• The meetings of the whites and blacks are contrasted to illustrate how they represent these characteristics.
  • The whites- early evening, light, indoors, ‘high-key lighting’, orderly, speech only,
  • The blacks- the binary opposite, including excited gestures, unintelligible speech, and physical movements such as daubing with blood and entrails….

p.464

  • |The idea of ‘boundariness’ is used throughout the film, characteristic of dominant groups in general they have boundaries- eg. Rows, order, uninterrupted speech……but also the setting of boundaries is characteristic of the white/male especially .
  • Dyer says the film is racist ‘in the broadest sense’, but not the narrower one. The film believes that the blacks can evolve and achieve all the progressive characteristics of ‘whiteness’.
  • Several liberal characters believe in the ability of the Mau-mau to do so (including, in the end, the hero Alan), whereas the conservative whites do not.
  • As a reinforcing of this potential, the character of Peter is black and specifically has all the necessary characteristics (Doctor, educated, rational, humane, liberal….) of Whiteness.
  • But- those who believe in the potential evolution are subordinated to others in the film, and in the end liberalism is overcome, Peter dies, and the whites rescue Alan’s farm from the Mau-Mau attack.
  • The film believes in the possible evolutionism of Blacks to whiteness (though it fails in the end), but this Fixity of ideas about how colonised people should act (to be ‘better’ people-more like the colonisers) , or more generally in the how we see the behaviour of any ‘other’ group, is ‘deeply disturbing’ (ref).

65

  • The opening sequence is discussed- how filmic techniques are used to symbolise the binary opposites of white and black. Eg. The white viewpoint is given by, steady aerial shots (give the best view), modernity of the plane, bringing the hero to Africa. Black characteristics include pain, blood, death, fear, untrustworthy, primitive.
  • Binarism is shown by both the film techniques and through the narrative.
  • Aspects of the hero include- resolving the conflict, his adventure and personal growth,
  • Colonialism as a landscape allows white males values to flourish, it holds, adventure, discovery, needs taming, conquering etc….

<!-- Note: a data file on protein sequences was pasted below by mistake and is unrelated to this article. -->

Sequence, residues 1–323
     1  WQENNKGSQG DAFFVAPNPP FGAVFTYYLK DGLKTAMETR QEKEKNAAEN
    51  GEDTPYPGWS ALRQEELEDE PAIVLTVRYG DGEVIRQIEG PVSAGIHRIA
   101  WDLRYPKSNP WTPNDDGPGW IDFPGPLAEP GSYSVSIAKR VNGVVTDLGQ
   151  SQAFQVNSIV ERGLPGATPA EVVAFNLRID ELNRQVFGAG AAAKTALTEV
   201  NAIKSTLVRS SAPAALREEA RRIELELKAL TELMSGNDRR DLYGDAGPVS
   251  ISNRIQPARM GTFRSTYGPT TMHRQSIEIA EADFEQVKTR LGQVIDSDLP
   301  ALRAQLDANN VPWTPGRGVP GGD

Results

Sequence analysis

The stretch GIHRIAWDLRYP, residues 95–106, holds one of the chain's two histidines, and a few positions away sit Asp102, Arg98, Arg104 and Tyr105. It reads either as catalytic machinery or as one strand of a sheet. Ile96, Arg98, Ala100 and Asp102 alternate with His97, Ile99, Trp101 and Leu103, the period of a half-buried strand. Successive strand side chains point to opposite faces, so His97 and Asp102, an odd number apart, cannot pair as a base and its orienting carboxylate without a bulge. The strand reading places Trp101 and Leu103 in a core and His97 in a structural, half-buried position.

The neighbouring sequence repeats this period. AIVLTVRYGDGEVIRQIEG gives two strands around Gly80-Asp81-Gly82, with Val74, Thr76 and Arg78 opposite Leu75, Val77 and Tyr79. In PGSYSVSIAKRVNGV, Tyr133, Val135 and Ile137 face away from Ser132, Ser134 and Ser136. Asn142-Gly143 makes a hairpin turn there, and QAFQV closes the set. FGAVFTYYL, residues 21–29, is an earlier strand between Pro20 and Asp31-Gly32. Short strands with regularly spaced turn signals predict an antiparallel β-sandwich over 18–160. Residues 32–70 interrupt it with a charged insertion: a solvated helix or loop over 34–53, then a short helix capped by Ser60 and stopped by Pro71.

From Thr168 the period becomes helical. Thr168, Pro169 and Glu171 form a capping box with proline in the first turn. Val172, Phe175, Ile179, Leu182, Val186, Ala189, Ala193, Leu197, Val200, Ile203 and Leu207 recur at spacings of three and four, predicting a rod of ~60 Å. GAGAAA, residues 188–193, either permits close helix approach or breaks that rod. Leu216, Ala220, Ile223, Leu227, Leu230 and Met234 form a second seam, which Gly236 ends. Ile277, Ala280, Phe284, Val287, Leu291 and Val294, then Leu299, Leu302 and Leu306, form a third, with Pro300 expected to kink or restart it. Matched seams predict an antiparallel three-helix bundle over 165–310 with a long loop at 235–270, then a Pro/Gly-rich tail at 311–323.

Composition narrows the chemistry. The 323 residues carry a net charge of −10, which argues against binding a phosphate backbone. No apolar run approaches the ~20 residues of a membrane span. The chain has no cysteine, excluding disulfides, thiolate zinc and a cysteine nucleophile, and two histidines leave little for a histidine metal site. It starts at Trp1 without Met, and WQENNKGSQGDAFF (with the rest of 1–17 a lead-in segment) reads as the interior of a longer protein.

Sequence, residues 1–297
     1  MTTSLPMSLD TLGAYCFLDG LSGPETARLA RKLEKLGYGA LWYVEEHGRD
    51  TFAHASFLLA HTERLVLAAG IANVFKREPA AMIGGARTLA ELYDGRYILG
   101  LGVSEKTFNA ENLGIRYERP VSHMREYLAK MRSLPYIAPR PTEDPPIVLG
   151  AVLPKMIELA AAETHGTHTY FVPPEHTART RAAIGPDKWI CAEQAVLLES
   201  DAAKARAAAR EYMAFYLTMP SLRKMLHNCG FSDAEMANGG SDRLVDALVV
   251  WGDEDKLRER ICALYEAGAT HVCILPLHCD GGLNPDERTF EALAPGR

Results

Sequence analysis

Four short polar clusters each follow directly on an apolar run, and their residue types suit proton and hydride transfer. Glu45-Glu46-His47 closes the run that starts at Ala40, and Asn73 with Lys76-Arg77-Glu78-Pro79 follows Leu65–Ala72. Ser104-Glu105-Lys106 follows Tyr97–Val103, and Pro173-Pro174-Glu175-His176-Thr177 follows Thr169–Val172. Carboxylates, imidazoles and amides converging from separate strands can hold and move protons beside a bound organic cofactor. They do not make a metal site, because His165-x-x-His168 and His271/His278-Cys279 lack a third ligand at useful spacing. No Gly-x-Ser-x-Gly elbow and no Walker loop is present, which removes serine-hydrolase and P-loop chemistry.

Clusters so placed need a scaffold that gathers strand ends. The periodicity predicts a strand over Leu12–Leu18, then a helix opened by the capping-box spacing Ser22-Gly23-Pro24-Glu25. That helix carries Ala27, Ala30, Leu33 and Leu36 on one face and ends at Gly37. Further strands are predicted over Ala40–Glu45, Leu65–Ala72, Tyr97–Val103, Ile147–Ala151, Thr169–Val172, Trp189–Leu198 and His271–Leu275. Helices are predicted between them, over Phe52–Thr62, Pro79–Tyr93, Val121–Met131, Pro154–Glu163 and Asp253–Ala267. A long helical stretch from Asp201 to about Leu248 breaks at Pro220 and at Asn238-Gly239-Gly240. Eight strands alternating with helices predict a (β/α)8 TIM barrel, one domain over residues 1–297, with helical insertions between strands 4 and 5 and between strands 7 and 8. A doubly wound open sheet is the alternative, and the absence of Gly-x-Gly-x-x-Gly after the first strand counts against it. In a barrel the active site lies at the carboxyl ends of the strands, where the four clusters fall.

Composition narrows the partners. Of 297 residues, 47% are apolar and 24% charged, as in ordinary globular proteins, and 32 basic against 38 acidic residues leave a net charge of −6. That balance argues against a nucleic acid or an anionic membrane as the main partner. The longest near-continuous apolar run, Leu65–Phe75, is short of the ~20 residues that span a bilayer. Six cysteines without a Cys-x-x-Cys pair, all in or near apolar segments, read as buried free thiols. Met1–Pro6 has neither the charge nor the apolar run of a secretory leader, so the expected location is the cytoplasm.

• It also requires ordering, rational control , authority….etc…
  • Through his development of responsibility through the film, he wins the love (and hand) of Mary

p.466

  • other films have explored the idea of colonialism eg. Black Narcissus.
  • They often end in acknowledgement of failure
  • The hero Alan also fails throughout the film…….. he fails to keep the farm, to protect Peter, to catch the Mau-mau leader……..
  • The failure shows an anxiety towards the Black threat of the mau-mau.
  • Simba endorse white superiority of values, but shows an anxiety that they will work against the problem (blackness).

 

..in your blog

Watch the films Simba, Jezebel and Night of the Living Dead or at least Simba.

Find The Battle of Algiers (Italian: La battaglia di Algeri), a 1966 black-and-white film by Gillo Pontecorvo based on events during the 1954-1962 Algerian War against French rule. xxxiii This late neo-realist film is in stark contrast to Simba and the comparison is worth the effort.

• Note how Dyer uses some of the theories alluded to earlier in the course (hegemony and Sartre’s ideas of the self) to analyse the films and construct his argument.

• Over the period of a week, see how racial identity and identities are dealt with in the visual media: film, newspapers, the web, any exhibitions you might visit, advertising images and, particularly, the television. Make notes, illustrated where possible, of your analysis, taking Dyer as your model.

 

 

 

 

Project-Black. In your BLOG……

Fanon is writing from the point of view of a black colonial, a second-class citizen of his own country (although in French law he was a citizen of France).

  • What are his key points and how do these relate to visual culture?

        Many artists of Afro-Caribbean, African or Asian family origins working in Britain, the country of their birth, make work dealing with their take on, for want of a better term, blackness. Find such a work and make notes and annotations to explain this. Chris Ofili is just one such artist but there are many others.

 

Project-Black